Test Articles Safely Delivered to Wind Tunnel with Omni-Drive System

When your job deals with the challenges of getting to outer space, the products you design and build are far from ordinary. And for that matter, so are the challenges.

At the NASA Glenn Research Center in Cleveland, Ohio, wind tunnel testing is a constant. So is the fact that the fully assembled test articles for certain test facilities can weigh up to 24,000 lbs. Moving these complex builds is certainly no simple task.

And a recent discovery at the 10×10 Supersonic Wind Tunnel Facility added to these challenges. A portion of the floor that this hardware moves over from the buildup area to the test section didn’t have an adequate load rating.  This was due to excessive point loads that the original casters imposed.

This was due to excessive point loads that the original casters imposed.

Getting even weight distribution on track.

The maximum overall weight of the equipment and test article needed to be distributed efficiently. The current constraints picked up the assembled pieces via a drive screw lift mechanism and then turned via a motorized tug to get everything into proper position.

This was not an elegant process by any means.  Additional manual labor was required to get the test article perfectly aligned in the wind tunnel test section for installation.  If a solution to remedy the problem wasn’t found, they could no longer safely move completed test articles to the supersonic wind tunnel test section.

This would mean that test articles would have to be brought up to the wind tunnel test section in smaller, more manageable pieces and then assembled.  As a result, the installation would take longer to complete, and fewer tests could be performed in a given calendar year. That is not a best-case scenario, as strict timetables for testing always present numerous challenges like cost.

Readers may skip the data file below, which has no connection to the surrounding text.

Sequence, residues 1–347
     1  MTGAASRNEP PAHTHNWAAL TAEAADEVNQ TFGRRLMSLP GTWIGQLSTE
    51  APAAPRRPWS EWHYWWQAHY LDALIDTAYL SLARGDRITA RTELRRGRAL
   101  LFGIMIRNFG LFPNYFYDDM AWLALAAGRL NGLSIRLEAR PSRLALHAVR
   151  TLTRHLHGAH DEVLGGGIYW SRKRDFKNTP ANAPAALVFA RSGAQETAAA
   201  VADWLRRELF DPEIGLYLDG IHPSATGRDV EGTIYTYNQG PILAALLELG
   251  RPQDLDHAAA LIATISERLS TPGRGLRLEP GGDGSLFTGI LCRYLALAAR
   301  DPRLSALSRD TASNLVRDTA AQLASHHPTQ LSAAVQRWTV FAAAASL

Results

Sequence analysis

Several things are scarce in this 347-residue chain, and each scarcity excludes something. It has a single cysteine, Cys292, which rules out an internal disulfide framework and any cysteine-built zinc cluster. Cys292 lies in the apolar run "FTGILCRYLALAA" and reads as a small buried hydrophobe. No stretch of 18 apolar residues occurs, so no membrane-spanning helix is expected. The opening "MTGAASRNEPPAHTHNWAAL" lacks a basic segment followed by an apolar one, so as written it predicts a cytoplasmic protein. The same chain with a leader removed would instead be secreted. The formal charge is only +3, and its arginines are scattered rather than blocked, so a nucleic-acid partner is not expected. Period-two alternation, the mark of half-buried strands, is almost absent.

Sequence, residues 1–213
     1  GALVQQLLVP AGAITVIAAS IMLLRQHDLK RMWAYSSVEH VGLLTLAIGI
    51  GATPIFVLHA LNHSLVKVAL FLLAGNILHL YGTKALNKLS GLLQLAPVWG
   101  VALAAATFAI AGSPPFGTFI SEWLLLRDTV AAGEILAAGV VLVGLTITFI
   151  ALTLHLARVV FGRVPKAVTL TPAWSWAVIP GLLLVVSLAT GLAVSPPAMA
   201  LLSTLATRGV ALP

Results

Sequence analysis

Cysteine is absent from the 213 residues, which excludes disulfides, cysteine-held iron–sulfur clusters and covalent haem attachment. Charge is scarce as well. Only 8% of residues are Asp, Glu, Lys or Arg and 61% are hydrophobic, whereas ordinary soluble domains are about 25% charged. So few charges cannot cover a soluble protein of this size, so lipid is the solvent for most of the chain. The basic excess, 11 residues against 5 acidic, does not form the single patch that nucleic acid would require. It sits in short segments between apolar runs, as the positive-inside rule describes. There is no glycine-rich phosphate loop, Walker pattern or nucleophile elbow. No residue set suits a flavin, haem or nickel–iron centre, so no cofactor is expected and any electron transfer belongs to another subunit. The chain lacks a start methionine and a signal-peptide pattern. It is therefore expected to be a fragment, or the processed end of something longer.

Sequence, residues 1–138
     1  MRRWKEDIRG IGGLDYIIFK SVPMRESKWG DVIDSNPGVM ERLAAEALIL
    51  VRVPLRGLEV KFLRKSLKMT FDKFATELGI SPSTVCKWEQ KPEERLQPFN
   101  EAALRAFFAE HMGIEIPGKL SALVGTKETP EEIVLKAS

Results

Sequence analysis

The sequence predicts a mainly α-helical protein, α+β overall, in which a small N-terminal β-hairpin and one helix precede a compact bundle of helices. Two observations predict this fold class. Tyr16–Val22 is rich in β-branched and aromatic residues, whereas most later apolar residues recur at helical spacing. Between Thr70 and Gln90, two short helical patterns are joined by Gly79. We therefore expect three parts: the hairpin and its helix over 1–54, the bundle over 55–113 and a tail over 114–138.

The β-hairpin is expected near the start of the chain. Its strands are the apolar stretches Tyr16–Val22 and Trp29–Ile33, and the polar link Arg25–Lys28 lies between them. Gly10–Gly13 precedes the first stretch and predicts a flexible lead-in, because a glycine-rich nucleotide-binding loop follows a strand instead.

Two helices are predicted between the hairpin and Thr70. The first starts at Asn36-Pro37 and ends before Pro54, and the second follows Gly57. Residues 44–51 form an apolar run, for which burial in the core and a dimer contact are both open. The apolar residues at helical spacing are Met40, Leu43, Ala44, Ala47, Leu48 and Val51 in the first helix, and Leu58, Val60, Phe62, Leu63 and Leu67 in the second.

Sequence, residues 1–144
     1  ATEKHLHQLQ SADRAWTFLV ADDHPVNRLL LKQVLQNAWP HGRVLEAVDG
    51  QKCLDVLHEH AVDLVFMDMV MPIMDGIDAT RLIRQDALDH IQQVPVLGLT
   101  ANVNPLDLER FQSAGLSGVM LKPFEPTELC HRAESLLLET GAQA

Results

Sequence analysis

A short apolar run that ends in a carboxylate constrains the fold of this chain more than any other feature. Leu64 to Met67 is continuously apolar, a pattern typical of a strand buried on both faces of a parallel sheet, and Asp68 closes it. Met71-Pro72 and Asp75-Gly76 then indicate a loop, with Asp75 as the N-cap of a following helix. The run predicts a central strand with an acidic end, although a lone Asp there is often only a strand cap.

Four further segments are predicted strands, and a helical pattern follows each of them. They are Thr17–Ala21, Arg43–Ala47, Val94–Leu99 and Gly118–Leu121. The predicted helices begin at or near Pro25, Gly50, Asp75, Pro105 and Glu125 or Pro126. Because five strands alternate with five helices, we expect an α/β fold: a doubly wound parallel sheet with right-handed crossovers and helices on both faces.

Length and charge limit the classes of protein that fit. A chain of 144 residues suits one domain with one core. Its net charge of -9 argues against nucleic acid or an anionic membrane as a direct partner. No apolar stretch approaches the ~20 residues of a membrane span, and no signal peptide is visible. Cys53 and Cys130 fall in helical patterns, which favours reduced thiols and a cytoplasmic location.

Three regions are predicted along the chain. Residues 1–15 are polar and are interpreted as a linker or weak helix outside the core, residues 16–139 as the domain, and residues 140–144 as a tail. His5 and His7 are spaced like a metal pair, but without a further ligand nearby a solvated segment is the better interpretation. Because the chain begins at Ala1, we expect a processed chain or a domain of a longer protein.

Omni Directional Drive System

The answer to this dilemma presented itself through the development of the Omni Directional Drive System (ODDS), an innovative platform developed by our subsidiary Conceptual Innovations and Caster Concepts.

“The process of developing the ODDS System was very seamless,” notes Robert Clark, Mechanical Testing and Facility Operations Engineer with HX5-Sierra LLC at the NASA Glenn Research Center. “Conceptual Innovations and Caster Concepts provided us with a turnkey solution.”

The ODDS System features 8 independently powered caster pods that enable the system to move forward and back, side-to-side, turn-in-place, rotate, and change direction while moving forward.

An energy chain powers each pod.  As the wheel turns, the energy chain lengthens to accommodate. The chain also folds on itself when not extended. This innovation allows the pods to move independently or together.

“Conceptual Innovations also helped to re-certify the equipment to its accompanying load ballast weight of 30,000 lbs., which was never a part of the original deliverable,” adds Mr. Clark. “Conceptual Innovations has my utmost respect. I can only hope that myself and others here at the NASA Glenn Research Center would be able to work directly with or be associated with them on a future ODDS type of project.”